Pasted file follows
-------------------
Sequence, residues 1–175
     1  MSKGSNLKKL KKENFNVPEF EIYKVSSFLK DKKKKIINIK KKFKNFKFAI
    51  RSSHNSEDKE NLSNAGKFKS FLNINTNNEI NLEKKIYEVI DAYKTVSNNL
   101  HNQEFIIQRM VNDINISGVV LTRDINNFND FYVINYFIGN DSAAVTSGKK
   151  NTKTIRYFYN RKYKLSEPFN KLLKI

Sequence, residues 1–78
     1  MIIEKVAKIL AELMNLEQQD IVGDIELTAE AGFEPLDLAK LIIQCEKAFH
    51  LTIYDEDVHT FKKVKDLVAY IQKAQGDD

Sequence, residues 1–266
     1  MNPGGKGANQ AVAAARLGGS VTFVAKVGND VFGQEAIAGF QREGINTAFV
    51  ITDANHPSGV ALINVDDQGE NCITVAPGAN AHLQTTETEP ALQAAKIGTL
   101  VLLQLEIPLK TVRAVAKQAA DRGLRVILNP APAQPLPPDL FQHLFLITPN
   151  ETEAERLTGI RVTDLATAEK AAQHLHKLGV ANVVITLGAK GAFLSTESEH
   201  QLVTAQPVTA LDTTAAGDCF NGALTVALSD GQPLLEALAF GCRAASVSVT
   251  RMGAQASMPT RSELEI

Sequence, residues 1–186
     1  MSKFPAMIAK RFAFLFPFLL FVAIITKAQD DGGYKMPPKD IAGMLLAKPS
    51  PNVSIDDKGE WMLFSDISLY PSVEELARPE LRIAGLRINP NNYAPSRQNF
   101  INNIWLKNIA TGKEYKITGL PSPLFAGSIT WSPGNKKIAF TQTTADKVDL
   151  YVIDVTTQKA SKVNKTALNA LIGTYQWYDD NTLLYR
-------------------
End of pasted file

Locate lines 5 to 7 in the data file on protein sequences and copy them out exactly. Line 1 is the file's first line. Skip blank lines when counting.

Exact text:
   151  NTKTIRYFYN RKYKLSEPFN KLLKI

Sequence, residues 1–78
     1  MIIEKVAKIL AELMNLEQQD IVGDIELTAE AGFEPLDLAK LIIQCEKAFH